"The Princess & the Warrior"
Lola isn't running anymore. That is, Franka Potente, the star of "Run, Lola, Run". That was the last picture with her and done by her boyfriend, German writer/director Tom Tykwer, in which he paced the picture with a red-haired virtual marathoner racing to save her film boyfriend from an untimely demise. This film is, however, the end of such a fun departure and brings Tykwer back to his more usual plodding pace.
However, he hasn't lost his touch in regard to unusual human relationships with considerable drama, fine visuals, and hot scoring. He takes us into the world of nurse Sissi who rides herd on a ward of mentally impaired patients of the Birkenhof mental institution whose dependence on her comes close to worship. She's quiet, introspective and generous to her coterie of loonies, one of whom is her father. She has a special relationship to a blind resident of the ward who seems to have no particular mental deficiency except his dependence on his nurse. When Sissi receives a letter from her sister asking that she gain access to a safety deposit box at the local bank, she brings her blind friend along for the outing.
The happens at the same time that Bodo (Benno Furmann), an ex-soldier deeply depressed over the loss of his wife, is running from the police. The chase causes a large truck to run Sissi down. Besides an injured leg, she's almost unable to breathe and her mind races with fear when Bodo, seeking a hiding place from the law, discovers her under the truck. Knowing a thing or two about wartime injuries, he performs a quick tracheotomy and saves Sissi's life.
Sissi can't get him out of her mind. Her dreams are full of images of her saviour and, well again after 57 or so days later, she tracks him down. Only, he wants no part of this gorgeous, vital, sincere young woman, preferring instead to dwell, dysfunctionally, in the memories that haunt him. But he doesn't count on Sissi's singleness of purpose nor in her conviction that there's a supernatural connection between them.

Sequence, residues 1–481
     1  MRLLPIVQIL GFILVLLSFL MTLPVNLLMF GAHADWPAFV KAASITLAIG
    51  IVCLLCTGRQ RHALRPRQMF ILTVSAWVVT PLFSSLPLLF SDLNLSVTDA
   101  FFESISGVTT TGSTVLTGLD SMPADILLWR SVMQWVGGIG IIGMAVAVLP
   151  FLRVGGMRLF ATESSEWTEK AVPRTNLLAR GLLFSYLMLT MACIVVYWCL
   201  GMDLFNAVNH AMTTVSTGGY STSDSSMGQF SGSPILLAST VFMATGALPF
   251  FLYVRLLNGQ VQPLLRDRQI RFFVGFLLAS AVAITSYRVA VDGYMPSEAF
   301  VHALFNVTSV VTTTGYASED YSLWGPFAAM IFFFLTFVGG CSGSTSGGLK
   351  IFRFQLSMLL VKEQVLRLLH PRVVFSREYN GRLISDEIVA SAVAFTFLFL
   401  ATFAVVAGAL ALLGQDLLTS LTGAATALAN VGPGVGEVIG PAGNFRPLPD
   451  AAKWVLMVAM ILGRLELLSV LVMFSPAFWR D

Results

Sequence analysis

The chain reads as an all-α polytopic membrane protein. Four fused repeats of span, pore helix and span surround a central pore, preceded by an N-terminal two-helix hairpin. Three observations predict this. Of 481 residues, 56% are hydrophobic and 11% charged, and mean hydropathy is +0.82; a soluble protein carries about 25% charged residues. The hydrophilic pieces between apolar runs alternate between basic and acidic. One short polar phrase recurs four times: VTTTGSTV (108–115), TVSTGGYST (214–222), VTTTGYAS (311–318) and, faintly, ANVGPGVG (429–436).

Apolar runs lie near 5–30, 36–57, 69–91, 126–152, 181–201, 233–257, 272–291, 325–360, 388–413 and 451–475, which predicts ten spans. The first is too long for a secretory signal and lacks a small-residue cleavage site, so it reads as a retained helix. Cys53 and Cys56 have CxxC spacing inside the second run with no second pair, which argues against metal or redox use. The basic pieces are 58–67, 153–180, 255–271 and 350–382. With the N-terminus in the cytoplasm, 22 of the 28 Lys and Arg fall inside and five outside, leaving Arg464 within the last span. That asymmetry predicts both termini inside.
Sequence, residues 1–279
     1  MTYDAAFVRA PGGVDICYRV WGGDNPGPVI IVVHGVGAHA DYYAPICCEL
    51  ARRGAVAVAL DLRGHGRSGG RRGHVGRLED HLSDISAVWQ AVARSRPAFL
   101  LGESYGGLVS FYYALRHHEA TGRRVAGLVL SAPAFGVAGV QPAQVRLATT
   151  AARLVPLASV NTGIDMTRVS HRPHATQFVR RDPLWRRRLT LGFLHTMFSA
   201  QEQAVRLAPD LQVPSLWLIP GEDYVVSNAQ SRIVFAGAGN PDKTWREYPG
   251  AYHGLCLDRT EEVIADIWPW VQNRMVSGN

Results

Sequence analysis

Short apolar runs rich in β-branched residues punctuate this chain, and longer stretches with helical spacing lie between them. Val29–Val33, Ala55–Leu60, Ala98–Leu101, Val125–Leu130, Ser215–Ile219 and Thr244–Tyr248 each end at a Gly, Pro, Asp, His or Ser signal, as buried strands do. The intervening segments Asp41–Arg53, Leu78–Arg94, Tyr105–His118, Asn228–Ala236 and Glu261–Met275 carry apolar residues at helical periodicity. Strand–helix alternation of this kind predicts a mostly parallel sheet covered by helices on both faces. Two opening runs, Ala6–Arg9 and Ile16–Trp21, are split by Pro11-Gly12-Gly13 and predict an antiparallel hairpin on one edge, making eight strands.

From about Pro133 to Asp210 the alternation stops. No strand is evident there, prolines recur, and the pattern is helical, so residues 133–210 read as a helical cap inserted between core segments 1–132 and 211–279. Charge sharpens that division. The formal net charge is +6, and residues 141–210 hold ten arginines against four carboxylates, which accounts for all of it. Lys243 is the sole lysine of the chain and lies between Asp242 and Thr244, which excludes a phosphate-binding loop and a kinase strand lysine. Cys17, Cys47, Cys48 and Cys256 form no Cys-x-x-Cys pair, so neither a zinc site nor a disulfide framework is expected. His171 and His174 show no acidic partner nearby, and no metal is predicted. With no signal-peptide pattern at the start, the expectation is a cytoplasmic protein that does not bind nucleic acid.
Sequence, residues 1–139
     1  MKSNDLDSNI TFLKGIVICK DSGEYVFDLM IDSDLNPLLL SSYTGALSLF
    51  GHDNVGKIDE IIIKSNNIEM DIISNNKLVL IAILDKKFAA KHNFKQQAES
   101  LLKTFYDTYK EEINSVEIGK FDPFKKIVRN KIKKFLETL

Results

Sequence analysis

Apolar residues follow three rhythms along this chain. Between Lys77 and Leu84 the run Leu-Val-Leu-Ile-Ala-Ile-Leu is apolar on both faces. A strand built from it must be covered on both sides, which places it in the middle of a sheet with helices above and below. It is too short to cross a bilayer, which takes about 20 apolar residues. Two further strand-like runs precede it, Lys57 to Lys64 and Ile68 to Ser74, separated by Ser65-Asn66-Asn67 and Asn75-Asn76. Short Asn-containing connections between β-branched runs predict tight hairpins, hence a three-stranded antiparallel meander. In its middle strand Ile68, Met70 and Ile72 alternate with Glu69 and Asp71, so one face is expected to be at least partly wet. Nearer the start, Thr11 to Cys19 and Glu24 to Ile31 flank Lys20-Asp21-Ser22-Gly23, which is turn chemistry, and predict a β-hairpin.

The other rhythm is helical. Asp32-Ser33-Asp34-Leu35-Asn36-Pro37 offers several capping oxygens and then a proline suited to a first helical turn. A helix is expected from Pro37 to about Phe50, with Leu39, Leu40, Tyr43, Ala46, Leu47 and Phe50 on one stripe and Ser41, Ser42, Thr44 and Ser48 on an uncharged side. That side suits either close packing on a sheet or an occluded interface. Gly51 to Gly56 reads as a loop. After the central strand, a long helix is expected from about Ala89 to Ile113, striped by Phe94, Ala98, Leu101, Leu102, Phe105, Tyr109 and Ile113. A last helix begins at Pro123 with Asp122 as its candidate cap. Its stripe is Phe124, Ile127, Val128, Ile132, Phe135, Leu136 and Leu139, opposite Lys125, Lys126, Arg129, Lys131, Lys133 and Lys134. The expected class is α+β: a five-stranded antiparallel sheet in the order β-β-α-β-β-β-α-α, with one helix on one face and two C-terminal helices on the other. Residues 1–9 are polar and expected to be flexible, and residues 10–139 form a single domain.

He remains impregnable to her pursuit of him until she virtually saves him in a bank robbery gone bad. But, allowing her to help is no sudden breakthrough of his resistance and no romance ensues until he realizes that he's more than dependent on her for selflessly providing him refuge from the police in her mental institution.
While there's considerable energy in this active, complex story, fans of "Run Lola... " should not go in expecting another dose of that kinetic fury that was Lola. What we have here that is good is a very imaginative piece of work that fully employs the growing skills of this fine actress whose appearances, such as in her first big American production, "Blow", leaves us wanting more. She conveys a gentle persistence with no consciousness of her purely physical attraction.
Benno Furmann is well chosen for the troubled anti-hero with the mysterious proclivity to reject her over and over again. In fact, this is the most troubling aspect of the film, threatening it with a degree of implausibility. But, there's so much detail of emotion, particularly by the convincing heroine, driving the piece that it's not impossible to set that aside in favor of seeing how it will all come out.
There are some audiences that might be driven to a cot at the institution by the director's choices and detailed narrative style, so they should be forewarned. It's not everyone's cup of Diazepan, and one wishes that a half hour at the institution would have been surgically removed, but this would be antithetical to Tykwer's tendency to follow down every story element to its merest detail. One senses that this thread of the story was so sustained because he was struggling to find some meaning to it. But the story as a whole, and the pacing would have been well served if he had exercised the discipline to tighten it to its essentials. What should have been subplot has dropped an anchor on the main plot. Despite that, on an overall basis, it provides rewards for those who can sustain the excess and is recommended to people who have a capacity for this brand of overstatement. Tykwer certainly has a storytelling vision that's his own at the same time that it comes out of a German film tradition.